Fake News Going Viral: The Mediating Effect Of Negative Emotions - MLAR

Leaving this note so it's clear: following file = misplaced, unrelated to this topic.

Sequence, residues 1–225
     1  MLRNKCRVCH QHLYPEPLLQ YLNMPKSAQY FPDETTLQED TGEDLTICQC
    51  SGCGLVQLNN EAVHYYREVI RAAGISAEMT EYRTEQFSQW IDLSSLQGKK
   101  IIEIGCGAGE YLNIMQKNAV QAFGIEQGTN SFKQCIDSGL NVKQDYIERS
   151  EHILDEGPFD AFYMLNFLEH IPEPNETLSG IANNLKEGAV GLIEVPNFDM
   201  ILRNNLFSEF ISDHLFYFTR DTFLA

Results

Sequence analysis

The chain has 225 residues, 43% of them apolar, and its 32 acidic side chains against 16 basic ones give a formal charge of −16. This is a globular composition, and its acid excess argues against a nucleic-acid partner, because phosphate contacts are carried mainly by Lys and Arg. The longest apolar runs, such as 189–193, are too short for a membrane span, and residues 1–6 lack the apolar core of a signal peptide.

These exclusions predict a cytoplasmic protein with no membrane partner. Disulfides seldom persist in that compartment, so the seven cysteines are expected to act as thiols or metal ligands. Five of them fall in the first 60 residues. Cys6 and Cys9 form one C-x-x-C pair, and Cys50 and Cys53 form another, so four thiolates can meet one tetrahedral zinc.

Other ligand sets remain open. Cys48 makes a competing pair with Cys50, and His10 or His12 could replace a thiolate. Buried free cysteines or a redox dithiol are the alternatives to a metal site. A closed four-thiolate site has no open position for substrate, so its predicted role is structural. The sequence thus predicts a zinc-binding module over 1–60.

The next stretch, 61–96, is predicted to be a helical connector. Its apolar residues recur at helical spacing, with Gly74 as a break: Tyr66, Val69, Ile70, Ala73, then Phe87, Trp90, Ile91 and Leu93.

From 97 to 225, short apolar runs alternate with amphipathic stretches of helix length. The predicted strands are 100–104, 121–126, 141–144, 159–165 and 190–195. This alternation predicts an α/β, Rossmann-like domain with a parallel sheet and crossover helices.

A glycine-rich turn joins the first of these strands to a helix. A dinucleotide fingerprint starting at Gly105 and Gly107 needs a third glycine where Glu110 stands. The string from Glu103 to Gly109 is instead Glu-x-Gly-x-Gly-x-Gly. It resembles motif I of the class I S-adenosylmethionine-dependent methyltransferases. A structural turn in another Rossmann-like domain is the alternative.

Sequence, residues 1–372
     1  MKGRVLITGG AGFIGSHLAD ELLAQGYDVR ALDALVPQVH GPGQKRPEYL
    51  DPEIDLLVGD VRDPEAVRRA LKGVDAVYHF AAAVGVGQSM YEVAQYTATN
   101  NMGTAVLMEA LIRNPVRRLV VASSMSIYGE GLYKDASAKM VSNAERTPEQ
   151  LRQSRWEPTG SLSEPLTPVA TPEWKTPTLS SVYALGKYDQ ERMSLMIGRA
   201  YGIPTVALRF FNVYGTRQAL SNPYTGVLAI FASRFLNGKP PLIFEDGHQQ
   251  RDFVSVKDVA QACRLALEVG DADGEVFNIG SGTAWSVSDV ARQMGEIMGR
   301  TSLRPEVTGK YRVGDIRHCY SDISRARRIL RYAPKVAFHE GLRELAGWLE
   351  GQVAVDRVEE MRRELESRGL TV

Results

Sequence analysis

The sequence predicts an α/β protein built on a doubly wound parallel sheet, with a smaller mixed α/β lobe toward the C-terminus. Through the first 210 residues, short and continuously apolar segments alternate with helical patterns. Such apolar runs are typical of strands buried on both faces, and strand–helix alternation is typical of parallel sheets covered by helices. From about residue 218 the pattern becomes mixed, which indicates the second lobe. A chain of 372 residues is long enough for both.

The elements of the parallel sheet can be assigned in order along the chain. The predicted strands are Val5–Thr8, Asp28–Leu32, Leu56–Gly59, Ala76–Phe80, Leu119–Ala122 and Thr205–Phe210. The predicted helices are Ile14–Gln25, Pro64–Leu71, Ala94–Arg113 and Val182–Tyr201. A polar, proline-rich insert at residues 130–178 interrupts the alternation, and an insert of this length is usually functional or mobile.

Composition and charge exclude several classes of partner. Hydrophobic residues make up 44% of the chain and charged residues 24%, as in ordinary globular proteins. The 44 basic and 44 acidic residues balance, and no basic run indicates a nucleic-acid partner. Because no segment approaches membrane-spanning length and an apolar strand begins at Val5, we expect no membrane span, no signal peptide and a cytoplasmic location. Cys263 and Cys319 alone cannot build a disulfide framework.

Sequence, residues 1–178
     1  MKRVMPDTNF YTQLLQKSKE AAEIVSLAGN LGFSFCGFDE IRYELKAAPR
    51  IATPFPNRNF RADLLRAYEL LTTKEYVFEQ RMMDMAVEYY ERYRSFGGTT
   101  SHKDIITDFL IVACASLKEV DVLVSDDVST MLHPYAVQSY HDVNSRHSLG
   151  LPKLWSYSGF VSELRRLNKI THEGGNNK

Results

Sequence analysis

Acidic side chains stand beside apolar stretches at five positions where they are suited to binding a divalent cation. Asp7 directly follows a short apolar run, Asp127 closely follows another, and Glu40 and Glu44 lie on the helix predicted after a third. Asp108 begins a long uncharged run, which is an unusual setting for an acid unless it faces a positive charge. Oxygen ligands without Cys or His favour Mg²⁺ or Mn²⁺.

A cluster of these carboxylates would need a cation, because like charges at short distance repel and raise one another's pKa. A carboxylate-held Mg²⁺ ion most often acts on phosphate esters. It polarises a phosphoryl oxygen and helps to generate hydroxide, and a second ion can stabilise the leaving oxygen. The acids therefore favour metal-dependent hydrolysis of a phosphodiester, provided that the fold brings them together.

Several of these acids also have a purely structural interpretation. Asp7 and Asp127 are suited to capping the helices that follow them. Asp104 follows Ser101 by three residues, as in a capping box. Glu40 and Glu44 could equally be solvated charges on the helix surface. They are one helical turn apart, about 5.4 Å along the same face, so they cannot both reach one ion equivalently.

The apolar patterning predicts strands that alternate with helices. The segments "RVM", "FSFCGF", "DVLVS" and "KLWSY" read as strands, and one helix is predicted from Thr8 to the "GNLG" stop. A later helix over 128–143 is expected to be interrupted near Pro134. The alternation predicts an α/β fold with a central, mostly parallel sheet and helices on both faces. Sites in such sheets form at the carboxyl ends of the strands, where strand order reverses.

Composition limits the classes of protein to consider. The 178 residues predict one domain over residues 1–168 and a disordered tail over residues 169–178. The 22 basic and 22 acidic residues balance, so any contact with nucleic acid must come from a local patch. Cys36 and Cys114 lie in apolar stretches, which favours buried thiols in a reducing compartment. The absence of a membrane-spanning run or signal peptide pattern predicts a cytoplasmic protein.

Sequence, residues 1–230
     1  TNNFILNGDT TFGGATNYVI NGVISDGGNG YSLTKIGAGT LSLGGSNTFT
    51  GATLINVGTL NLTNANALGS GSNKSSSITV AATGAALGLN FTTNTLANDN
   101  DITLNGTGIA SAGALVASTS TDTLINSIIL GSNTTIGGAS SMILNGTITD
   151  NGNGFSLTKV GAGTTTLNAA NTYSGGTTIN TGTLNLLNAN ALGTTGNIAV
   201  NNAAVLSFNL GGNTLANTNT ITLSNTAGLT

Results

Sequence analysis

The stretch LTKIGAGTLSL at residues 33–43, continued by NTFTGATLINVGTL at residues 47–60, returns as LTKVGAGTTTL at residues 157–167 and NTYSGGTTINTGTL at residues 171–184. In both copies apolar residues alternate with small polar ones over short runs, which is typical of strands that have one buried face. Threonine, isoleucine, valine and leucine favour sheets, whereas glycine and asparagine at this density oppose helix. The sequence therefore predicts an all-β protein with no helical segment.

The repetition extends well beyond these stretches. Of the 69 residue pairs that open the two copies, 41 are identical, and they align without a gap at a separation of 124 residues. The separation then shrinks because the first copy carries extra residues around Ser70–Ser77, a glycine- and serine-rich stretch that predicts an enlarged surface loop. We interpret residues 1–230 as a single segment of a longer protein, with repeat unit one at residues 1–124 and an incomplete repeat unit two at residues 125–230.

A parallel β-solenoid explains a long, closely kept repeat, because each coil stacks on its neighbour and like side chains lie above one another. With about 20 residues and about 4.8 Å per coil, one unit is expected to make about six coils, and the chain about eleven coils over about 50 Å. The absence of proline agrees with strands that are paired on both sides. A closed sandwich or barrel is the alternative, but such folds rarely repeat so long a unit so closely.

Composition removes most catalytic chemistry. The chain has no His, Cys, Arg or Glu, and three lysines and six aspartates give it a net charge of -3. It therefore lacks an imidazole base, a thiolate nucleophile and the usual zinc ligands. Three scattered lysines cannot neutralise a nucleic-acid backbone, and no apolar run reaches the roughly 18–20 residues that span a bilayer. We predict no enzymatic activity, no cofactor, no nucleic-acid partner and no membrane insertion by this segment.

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photo: Nina Šopincová Media Literacy and Academic Research Vol. 4, No. 2, December 2021 Nicoleta Corbu, Alina Bârgăoanu, Flavia Durach, Georgiana Udrea Fake News Going Viral: The Mediating Effect Of Negative Emotions ABSTRACT In recent years, “fake news” has become a buzzword used to describe a variety of disinformation practices identifiable both in the traditional media, and in the digital environment. The goal of our paper is to investigate fake news, aiming at both clarifying the concept and discussing the possible integration of ideologically driven information under this large umbrella, as well as investigating conditions under which various types of fake news have the potential to go viral. In this study we consider ideologically driven news as a form of disinformation, by the mere reason that there is a clear intention to deceive behind this type of news. At the same time, we argue that, compared to no more than one-two decades ago, ideologically driven information is potentially much more harmful, by virtue of the potential of being shared, easily further disseminated within echo-chambers and with the help of filter bubbles. In line with recent studies, we contend that, at its core, the fake news problem concerns the economics of emotion, specifically how emotions are used and often abused to foster audience’s attention, engagement, and willingness to share content. In this context, and under the recent political circumstances in Romania (marked by anti-government protests and public opposition to the ruling political party), our aim is to better understand how people’s susceptibility to disseminate deceitful information is enhanced by various forms and valences of politically biased fake news, and what is the role of specific emotions in explaining this process. Bulding on Tandoc et al.’s classification of fake news, we propose a 2x2x2 experimental design, in which we manipulated intention to deceive, level of facticity and valence. The survey experiment (N 813) tests two positive (enthusiasm and contentment) and two negative (anger and fear) discrete emotions as mediators of the main effect of potential of viralisation effects (i.e. how likely users are to share fake news on a social network). Results show that negatively biased fake news enhances people’s willingness to share the news story, while positively biased fake news has no significant effect on the viralisation potential. Moreover, the potential for viralisation is mediated by negative emotions, but not by positive ones. KEY WORDS Discrete emotions. Experimental design. Fake news. Viralisation effects. page 58 Studies